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In July, President Trump made an executive order seeking to omit undocumented immigrants from being included in the census count, despite the Constitution requiring involvement of all U.S. residents. Civil rights organizations sued the Trump administration over the exclusion, and three federal judges in New York ruled against him. But the decision was appealed and is now headed for the Supreme Court. Judge Amy Coney Barrett, the potential replacement of the late Justice Ruth Ginsberg, could take part in Trump v. New York case if she’s confirmed by Nov. 30. The New Republic
In other federal immigration news…
DHS Introduces New Visa Admission Period Structure
The Department of Homeland Security released a proposed rule requiring a steady stay for international students, exchange visitors and foreign information media representatives in the U.S. on visas. Immigrants who hold F or J visas will be legally allowed to reside in the U.S. up until the end date of their program. That allowance will cap at four years even if an immigrant needs longer to finish their studies. Those on I visas will be allowed to stay as long as needed to finish projected activities or assignments, up to 240 days, with the chance to extend their stay to 240 days based on the progress of relevant activities. Department of Homeland Security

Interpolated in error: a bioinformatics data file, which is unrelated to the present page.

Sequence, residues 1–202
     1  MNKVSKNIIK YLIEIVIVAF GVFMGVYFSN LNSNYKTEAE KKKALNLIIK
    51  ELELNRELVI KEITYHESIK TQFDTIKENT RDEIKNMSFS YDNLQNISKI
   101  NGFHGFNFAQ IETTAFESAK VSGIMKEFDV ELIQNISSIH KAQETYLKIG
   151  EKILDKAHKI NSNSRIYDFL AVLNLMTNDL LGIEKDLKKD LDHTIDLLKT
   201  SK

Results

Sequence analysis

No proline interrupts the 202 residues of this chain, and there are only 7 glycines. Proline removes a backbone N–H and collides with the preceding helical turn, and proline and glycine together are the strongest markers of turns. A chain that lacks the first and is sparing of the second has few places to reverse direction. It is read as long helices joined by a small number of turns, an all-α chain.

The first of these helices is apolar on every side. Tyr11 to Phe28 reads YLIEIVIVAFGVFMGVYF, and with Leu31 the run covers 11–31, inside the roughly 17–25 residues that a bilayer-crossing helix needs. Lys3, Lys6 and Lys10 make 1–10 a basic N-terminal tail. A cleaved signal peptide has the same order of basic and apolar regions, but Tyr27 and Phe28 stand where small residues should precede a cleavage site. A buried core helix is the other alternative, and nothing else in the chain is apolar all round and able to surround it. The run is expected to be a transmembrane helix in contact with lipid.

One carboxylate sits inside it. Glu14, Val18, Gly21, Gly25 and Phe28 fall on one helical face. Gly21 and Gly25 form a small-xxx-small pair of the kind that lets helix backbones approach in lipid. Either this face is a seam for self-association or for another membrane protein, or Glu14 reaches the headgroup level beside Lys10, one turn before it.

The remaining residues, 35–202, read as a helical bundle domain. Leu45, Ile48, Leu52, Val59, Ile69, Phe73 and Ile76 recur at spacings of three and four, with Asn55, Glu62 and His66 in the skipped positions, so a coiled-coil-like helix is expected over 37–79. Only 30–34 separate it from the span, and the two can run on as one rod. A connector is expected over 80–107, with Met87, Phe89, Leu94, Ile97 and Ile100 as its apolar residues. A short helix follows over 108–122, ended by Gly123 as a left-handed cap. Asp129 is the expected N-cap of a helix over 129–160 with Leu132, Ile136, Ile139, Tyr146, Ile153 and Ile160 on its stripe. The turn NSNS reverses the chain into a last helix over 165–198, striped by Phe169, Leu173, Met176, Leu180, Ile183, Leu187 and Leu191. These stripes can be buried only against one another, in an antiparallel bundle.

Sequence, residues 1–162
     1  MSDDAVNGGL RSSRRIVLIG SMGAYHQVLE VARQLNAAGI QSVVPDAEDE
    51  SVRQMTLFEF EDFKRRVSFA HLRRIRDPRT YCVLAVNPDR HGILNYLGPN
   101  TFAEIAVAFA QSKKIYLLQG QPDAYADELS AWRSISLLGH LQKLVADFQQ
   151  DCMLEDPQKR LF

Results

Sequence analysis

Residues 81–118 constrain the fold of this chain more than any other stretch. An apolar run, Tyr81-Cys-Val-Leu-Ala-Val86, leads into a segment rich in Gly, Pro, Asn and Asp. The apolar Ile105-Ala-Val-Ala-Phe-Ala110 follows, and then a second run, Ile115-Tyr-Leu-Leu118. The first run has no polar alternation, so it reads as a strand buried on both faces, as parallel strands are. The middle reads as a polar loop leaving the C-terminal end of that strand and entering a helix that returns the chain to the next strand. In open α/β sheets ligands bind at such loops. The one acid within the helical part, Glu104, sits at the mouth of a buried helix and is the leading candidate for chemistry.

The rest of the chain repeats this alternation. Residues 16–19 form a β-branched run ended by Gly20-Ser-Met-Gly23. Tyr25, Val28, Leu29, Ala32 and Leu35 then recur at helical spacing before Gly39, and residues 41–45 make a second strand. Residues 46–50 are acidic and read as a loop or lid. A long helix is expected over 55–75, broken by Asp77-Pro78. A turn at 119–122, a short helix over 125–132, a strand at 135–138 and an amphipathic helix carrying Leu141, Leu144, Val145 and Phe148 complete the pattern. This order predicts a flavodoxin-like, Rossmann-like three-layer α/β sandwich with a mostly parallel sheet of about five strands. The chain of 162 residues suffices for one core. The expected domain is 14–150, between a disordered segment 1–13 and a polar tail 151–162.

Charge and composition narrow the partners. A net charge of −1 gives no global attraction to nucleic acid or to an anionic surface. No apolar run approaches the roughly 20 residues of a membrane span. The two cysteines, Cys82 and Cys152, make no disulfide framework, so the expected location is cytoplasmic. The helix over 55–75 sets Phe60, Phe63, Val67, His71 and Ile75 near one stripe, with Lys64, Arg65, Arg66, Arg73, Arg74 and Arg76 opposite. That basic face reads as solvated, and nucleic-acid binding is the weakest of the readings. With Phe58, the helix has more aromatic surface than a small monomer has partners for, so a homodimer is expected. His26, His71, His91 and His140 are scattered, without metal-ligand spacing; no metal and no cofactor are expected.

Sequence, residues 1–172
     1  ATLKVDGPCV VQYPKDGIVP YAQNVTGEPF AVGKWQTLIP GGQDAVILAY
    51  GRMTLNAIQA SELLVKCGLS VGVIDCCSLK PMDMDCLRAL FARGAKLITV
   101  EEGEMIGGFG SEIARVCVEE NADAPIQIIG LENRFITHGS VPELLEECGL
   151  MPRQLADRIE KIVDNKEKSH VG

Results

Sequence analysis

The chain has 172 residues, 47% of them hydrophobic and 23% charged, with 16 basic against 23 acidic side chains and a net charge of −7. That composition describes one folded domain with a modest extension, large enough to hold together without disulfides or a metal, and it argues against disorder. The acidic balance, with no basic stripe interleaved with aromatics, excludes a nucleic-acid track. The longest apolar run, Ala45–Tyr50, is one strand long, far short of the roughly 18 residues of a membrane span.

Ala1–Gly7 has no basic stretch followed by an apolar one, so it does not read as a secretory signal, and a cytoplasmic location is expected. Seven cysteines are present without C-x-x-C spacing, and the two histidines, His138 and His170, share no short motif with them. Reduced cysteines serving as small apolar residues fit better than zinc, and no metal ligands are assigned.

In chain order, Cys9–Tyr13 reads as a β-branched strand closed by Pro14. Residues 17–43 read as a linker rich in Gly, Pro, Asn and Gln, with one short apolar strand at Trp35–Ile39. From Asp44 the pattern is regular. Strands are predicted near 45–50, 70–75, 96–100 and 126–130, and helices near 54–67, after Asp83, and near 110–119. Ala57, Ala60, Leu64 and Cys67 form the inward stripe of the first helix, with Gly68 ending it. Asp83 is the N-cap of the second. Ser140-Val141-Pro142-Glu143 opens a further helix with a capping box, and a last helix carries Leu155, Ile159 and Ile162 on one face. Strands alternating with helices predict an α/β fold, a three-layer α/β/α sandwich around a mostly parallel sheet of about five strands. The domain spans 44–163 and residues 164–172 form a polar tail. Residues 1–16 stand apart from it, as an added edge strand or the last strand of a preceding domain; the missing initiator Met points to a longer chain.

Supreme Court Looking Over Trump’s Significant Immigration Policies
The Supreme Court came to an agreement on Monday to examine two Trump administration immigration policies. The cases are challenges to a program that forces about 60,000 asylum seekers to wait in Mexico for their court hearings and departure of $2.5 billion in Pentagon money to build a wall on the southwestern border. Trump’s immigration cases will most likely not be looked at until February. Theresa Cardinal Brown, the director of immigration and cross-border policy at the Bipartisan Policy Center, explained these cases demonstrated “the challenge of relying on executive action for large and sweeping policies when there are litigants out there ready to litigate.” The New York Times